Hemorrhoids, How To Manage Common Piles
Hemorrhoids (Piles) are engorged veins in the lower parts of the rectum, and Anus.
Piles are usually, caused by pressure build up in the veins of the anus and lower rectum.
Piles that develop in the lower rectum and upper parts of the anus are known as Internal hemorrhoids; they are covered by normal gut lining and are therefore painless.
Piles that develop beneath the skin around the anus are known as External hemorrhoids. External hemorrhoids are covered by normal skin so they could become painful and itchy.
Piles may cause problems when the swollen veins bleed, when blood clot forms in the swollen veins, or when the swollen vein prolapse into the anal canal or outside and gets its blood supply, compromised.
Behaviors that increase venous pressure in the lower rectum include:
. Chronic Constipation (Hard stool, straining at stool)
, A sedentary lifestyle.
. Excessive sitting on the toilet to read or chat on social media.
. Frequent lifting of heavy weights.
SIGNS AND SYMPTOMS
Bleeding. Blood may be found on the stool or on the tissue wipes. If bleeding is severe enough, the affected person could develop anemia
Hemorrhoidal Pain may be due to either blood clots formation in the external hemorrhoid, or the loss of arteria blood supply to a prolapsed internal hemorrhoid.
The pain may be sudden and intense, it lasts for several days, and then gets better.
The hemorrhoid may protrude during bowel movements.
Sensitive lump(s) in the anal region
COMPLICATION OF HEMORRHOIDS:
. Bleeding. Hemorrhoids may bleed. Usually blood is found on the tissue wipes. Persistent bleeding could lead to severe anemia
. Prolapse, the hemorrhoid may stick out into the anal lumen, and protrude outside
. Thrombus formation; Blood Clot may form in the piles. This makes the hemorrhoid hard and painful. Thrombosed hemorrhoids appear as tense, painful bluish lumps at the anus.
. Strangulated hemorrhoids (a prolapsed Internal hemorrhoid gets tightly squeezed by the anal sphincter muscles. This, may compromise its blood supply). The piles become very painful and incapacitating.
PREVENTION OF HEMORRHOIDS
. Drink more (Liberal) fluids. Your urine color may indicate if you are drinking enough water. Slight yellow to colorless urine is preferred.
. Consume a High fiber diet that promotes bulky stool formation. Include Banana, Pawpaw and other fruits, vegetables and whole grains in your diet.
If you are not a fan of Fruits and Vegetables, you could add Fiber Supplements to your diet. A minimum of 25-30 g of fiber a day is preferred.
PROBLEMS THAT COULD BE MISTAKEN FOR PILES
Bleeding from the anus could be due to other diseases of the anus, rectum and the colon.
What you suspect as hemorrhoids could be a different mass like Anal Cancer or Anal Fissure.
Rectal prolapse and rectal polys could be mistaken for hemorrhoids.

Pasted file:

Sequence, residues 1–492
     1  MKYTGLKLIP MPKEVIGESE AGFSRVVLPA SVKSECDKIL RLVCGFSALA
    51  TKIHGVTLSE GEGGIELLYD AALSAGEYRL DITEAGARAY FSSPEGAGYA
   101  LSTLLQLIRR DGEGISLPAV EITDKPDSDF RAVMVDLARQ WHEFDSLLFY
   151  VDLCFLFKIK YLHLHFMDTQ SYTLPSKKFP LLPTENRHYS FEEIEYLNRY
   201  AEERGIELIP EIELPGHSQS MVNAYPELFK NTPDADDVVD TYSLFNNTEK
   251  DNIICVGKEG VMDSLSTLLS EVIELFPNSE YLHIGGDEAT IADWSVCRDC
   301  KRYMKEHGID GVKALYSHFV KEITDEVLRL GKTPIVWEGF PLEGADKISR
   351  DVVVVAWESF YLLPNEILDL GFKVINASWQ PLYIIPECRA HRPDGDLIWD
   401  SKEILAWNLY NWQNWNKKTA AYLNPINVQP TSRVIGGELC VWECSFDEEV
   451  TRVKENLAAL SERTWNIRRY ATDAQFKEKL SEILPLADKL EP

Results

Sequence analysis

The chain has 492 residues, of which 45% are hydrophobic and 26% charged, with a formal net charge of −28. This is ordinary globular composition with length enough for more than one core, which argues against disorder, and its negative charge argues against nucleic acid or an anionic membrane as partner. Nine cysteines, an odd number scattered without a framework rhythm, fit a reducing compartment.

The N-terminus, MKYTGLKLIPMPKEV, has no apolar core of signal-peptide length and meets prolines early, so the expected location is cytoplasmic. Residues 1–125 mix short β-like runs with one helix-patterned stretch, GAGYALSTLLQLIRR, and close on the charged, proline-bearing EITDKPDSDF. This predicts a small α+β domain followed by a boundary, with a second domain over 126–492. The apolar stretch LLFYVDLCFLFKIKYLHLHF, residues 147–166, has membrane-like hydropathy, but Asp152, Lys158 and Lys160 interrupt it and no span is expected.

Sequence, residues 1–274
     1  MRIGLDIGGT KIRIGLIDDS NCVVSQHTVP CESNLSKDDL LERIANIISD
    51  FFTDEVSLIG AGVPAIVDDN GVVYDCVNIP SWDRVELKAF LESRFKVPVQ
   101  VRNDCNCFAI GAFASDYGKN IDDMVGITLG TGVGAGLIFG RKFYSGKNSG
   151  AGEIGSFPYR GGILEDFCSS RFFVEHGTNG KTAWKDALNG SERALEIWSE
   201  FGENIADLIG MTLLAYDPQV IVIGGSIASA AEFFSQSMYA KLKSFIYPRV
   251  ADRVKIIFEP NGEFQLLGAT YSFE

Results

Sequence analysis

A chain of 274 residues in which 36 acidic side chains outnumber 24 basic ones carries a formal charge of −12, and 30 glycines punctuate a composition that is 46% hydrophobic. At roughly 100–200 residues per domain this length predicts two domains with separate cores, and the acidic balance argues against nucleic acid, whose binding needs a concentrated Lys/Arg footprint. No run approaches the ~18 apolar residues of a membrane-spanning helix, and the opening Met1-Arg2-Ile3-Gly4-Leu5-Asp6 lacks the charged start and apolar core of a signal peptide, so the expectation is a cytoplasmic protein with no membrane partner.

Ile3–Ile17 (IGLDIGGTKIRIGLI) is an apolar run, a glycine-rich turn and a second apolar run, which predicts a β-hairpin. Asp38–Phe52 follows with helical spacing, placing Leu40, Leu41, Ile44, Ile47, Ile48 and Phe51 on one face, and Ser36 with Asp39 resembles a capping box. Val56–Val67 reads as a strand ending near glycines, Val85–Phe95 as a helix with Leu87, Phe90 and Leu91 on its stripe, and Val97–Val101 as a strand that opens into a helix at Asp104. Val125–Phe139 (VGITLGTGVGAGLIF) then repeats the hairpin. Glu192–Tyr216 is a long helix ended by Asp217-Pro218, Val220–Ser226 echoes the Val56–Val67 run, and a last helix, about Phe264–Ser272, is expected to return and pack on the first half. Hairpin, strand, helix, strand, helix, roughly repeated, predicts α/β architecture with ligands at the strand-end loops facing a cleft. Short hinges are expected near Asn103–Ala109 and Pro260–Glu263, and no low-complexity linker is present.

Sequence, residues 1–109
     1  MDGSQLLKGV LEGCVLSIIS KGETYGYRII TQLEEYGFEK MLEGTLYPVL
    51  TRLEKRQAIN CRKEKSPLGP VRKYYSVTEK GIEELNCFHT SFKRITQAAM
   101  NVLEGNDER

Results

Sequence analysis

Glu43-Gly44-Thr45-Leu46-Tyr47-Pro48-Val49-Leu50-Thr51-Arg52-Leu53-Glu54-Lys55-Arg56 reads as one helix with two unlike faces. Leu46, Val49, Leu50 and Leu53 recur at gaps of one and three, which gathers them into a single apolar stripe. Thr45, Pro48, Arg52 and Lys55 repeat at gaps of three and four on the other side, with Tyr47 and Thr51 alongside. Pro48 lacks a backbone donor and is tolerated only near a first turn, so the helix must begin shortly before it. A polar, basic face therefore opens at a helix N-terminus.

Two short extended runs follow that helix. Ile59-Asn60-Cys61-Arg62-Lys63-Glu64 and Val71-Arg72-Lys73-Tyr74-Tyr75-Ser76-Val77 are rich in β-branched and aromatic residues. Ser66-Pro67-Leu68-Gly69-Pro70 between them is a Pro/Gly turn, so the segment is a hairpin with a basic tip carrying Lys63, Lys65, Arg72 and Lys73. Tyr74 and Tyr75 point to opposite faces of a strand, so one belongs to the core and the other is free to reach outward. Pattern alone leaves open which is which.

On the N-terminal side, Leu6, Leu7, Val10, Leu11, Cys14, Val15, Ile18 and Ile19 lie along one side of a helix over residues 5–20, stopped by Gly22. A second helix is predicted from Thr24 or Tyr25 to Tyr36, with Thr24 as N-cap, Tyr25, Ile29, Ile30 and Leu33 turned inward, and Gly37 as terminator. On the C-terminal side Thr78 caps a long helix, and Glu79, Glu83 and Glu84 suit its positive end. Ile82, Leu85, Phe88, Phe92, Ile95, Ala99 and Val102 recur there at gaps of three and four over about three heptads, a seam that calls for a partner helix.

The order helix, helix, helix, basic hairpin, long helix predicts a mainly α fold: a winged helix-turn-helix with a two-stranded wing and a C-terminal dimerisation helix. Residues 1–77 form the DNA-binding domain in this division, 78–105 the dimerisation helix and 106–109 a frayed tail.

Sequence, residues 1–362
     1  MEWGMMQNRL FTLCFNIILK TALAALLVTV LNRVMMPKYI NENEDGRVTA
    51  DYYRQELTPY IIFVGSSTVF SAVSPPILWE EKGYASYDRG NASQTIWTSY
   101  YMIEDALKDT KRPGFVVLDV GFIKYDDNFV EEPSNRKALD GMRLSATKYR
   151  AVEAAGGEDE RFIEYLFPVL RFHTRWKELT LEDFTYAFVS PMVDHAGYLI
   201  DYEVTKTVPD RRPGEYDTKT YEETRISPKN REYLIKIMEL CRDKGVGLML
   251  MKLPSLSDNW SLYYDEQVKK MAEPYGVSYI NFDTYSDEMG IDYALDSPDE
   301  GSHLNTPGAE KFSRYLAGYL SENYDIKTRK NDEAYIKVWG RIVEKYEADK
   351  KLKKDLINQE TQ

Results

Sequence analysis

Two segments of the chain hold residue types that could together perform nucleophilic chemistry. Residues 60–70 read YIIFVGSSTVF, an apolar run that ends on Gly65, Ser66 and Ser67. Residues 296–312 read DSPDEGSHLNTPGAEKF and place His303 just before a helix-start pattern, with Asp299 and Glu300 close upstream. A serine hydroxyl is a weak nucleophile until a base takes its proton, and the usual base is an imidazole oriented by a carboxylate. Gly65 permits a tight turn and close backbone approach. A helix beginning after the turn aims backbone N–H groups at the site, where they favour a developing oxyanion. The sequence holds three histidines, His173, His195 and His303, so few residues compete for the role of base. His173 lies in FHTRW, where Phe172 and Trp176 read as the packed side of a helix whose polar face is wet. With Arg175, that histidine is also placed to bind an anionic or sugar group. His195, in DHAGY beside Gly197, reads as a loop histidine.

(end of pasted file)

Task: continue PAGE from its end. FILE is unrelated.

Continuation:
These are the reasons you may need to see a doctor first, prior to self-treatment
EVALUATION OF PILES.
Physicians use an Anoscope, to view the lumen of the anus and examine the internal hemorrhoids.
They may use a sigmoidoscope or colonoscope to look for and exclude tumors and diseases of the sigmoid colon.
MANAGEMENT OF PILES
The first step for controlling hemorrhoids is Dietary modification.
When you increase your oral fiber intake (greater than 30g/d) you avoid (and cure) Constipation and Straining at stool.
You may need to add Psyllium seeds (Metamucil), Methylcellulose (Citrucel) to your diet, as fiber supplements.
. Adequate oral fluid intake, greater than 1-1.5 liters of fluid helps avoid hard stool formation and straining.
Straining engorges the hemorrhoids. Decreasing straining and constipation decreases the size of hemorrhoids.
. Avoid prolonged toilet sitting (it engorges the hemorrhoids).
An External hemorrhoid requires no specific treatment unless it becomes acutely thrombosed or causes pain and discomfort.
Warm bathtubs for about 20 minutes, 2-3 times a day. Bathing in tubs with warm water eases painful hemorrhoids.
For pain and discomfort: Anti-inflammatory Suppositories and soothing topical Creams including hydrocortisone, may be applied.
For strangulated hemorrhoids, treatment include Bed rest, Hot tub baths, and Ice packs. Topical Nifedipine 0.3% Creams (to relax the sphincters) and Pain medications.
Mild and moderate cases of bleeding Internal hemorrhoids are treated Non-operatively.
Non-operative approaches include: the use of rubber band to ligate the hemorrhoid at its base.
The band causes the hemorrhoid to shrink.
Blood-clotting Chemicals may be injected into Bleeding hemorrhoids that are not protruding to stop the bleed.
Surgery is reserved for cases that don’t resolve or improve with lifestyle modifications and non-surgical methods.
Physicians may tie off the artery that feeds the hemorrhoid (hemorrhoidal artery).
Physicians may use circular staples to hook the hemorrhoids back into their normal position
Thrombosed hemorrhoids may require surgical evacuation if seen in the first 2 days.
Other piles that cause pain, discomfort, and severe blood loss are usually removed surgically, after a trial of non-surgical methods.
ALEX SARKODIE MD.
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